The Bandwidth Music and Technology Conference is an annual gathering of music, digital music and media leaders who gather to explore the ever-evolving music industry and how people discover, purchase, and interact with music. The sixth annual Bandwidth conference took place in San Francisco on August 19th and 20th.
The aim of the conference is to bring together the brightest minds in music and technology. This year, it was especially interesting because most of the major music labels attended the conference. Interscope, Geffen A&M Records, Universal Music Group, Warner Music Group, Hollywood Records, Sony Music and Warner Bros Records all participated in the conference. In addition, super tech savvy music distribution companies were there. The biggest names in the music tech field like Cisco, Wal-Mart, HP and Twitter also mixed it up with both old and new players in music.
Since the conference took place in my area, I thought I might like to attend the two-day event. Then, I found out that the fee for the two-day event was almost $700. Instead, I have been reading reports of the conference on the Internet…………FREE!!
The latest on Twitter…
• # of tweets, daily: 70 million
• # of tweets, monthly: 2 billion
• # of registered users: 145 million
• # of account sign-ups, daily: 300,000
• @amazonmp3 followers: 1,489,543
• Michael Tilson Thomas followers (@mtilsonthomas): 1,754 (famous orchestral conductor.)
(Source: Matt Graves, Communications Director @ Twitter. AmazonMP3 and Thomas followers sourced directly. )
The latest on photos…
• # of photos uploaded onto Facebook, monthly: 2.5 billion
• # of photos uploaded to Facebook, annually: 30 billion
• # of approved photos typically needed by a band, 2000: 6-9
• # of approved photos typically needed by a band, 2010: 300-400
The latest on YouTube:
• #2 search engine in the world (of all engines, separated from Google)
• # of videos rotated by MTV, during its 80s prime: 30-40 per week
• # of views for Tyler Hilton’s cover of “Use Somebody” by Kings of Leon: 748,099
The latest on apps:
• # of downloaded apps, App Store: > 5 billion (as of June)
• # of artist apps typically downloaded: < 100,000
(Source on YouTube, photo and apps data: Jeremy Welt, SVP of New Media, Warner Bros. Records. Total downloaded app statistic from Apple.)
In the new media space, an artist’s presence in Twitter is deemed more important than having a Myspace page. About three years ago, a Myspace page was required for any self-respecting band or superstar. Today it’s about how many Twitter followers and Facebook friends a band can get. This change from Myspace speaks to the speed of change in both the music and technology world.
The discussion that followed the presentation of all this data was, according to those in attendance, lively and full of heated discussions. The different ideas and concepts of what the data means were pretty much dictated by old and new “players” in the music business field.
Another topic discussed during the conference was the decision by Universal Music to pull its music videos from MTV. Instead of putting it’s videos on MTV.com, Universal will show its music videos exclusively online at vevo.com. The change will happen after the Video Music Awards on Sept 21. Vevo.com is the No. 3 video site on the web with 43.7 million viewers in June.
It was only a few years ago that in order to launch and promote their artists labels, managers and agents had to negotiate and sometimes beg MTV for slots. It certainly isn’t that way anymore. It seems the labels don’t even care about it anymore. For Universal and its artists, being exclusively on-line is just fine.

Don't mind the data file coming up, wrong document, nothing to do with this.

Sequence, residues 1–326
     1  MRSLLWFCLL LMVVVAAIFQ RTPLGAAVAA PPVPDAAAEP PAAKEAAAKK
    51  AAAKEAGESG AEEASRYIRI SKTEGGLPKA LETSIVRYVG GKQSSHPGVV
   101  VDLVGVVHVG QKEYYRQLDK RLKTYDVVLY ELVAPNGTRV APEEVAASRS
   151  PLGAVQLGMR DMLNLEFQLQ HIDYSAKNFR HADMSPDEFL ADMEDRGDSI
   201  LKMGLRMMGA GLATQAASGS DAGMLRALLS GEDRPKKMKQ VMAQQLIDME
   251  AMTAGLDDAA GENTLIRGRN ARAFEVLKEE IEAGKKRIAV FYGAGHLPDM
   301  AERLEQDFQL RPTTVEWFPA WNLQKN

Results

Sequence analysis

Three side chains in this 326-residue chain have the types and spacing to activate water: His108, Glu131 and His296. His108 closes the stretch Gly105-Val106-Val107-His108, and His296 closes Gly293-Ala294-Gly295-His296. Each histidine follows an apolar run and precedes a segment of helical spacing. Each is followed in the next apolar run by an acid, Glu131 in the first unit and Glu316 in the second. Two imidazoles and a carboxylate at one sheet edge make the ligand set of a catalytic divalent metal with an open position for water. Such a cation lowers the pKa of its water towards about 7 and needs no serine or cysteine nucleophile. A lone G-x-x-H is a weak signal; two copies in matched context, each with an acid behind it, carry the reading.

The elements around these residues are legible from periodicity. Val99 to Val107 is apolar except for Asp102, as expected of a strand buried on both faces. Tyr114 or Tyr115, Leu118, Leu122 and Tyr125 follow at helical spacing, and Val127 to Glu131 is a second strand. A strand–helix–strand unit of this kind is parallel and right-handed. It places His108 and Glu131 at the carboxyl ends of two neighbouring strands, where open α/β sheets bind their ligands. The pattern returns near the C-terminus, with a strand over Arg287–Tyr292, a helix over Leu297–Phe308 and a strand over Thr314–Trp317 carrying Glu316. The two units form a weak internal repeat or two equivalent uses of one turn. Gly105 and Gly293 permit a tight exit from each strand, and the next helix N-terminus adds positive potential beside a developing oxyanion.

According to reports from the conference, the music industry seems to be excited and looking forward to the positive changes in the field. Despite the uncontrolled decline of CD sales and the rise of online and offline counterfeiting, legitimate sales of digital music is continuing to grow. According to Yobie Benjamin at the San Francisco Chronicle:
Artists, managers and agents are no longer under the thumb of radio or music TV program directors. They don’t have to pay payola for airtime. Today it’s about your Twitter feed, your social networking creds and your relationship to the music bloggers. SPIN Magazine and Rolling Stone used to be the holy grail of music stardom… Not anymore…
Agents do not waste their time trying to get the programming director of some rock and roll radio station to return their calls any more.
Mass media is being replaced by pin-point precise media. Music today is more focused on the audience of one rather than getting on some shock music jock’s playlist. And why not? A single person on Twitter can have 10,000 followers so the multiplier effect is astronomical. Hitting the right fan returns far more results than being on a Sirius satellite channel or a mention on Billboard magazine.
Besides being interesting, there is a reason for putting this information in a blog about Clay Aiken. It seems to me that we need to see these numbers and their meaning and realize that we can support Clay more by being a viable force on the Internet sites. FaceBook and Twitter are now more important than ever. If we truly want to support Clay, we all need to become familiar with these great sites instead of relying on our younger fans to do it all. There isn’t one of us who cannot get a FaceBook account or be active on Twitter. Yes, it will take a bit of time, but the rewards are worth every minute.
* Eminem has 1,416,455 followers
* Lady Gaga has 5,754,535 followers
* Adam Lambert has 613728 followers
* Kelly Clarkson has 346,611 followers
* Glee has 250,242 followers
* CANN (that’s us) has 2,302 followers
Do you know how many followers Clay has? Well, why not look it up? I think you will be surprised!
What do you think? Can we help each other and get more facebook and twitter support for Clay?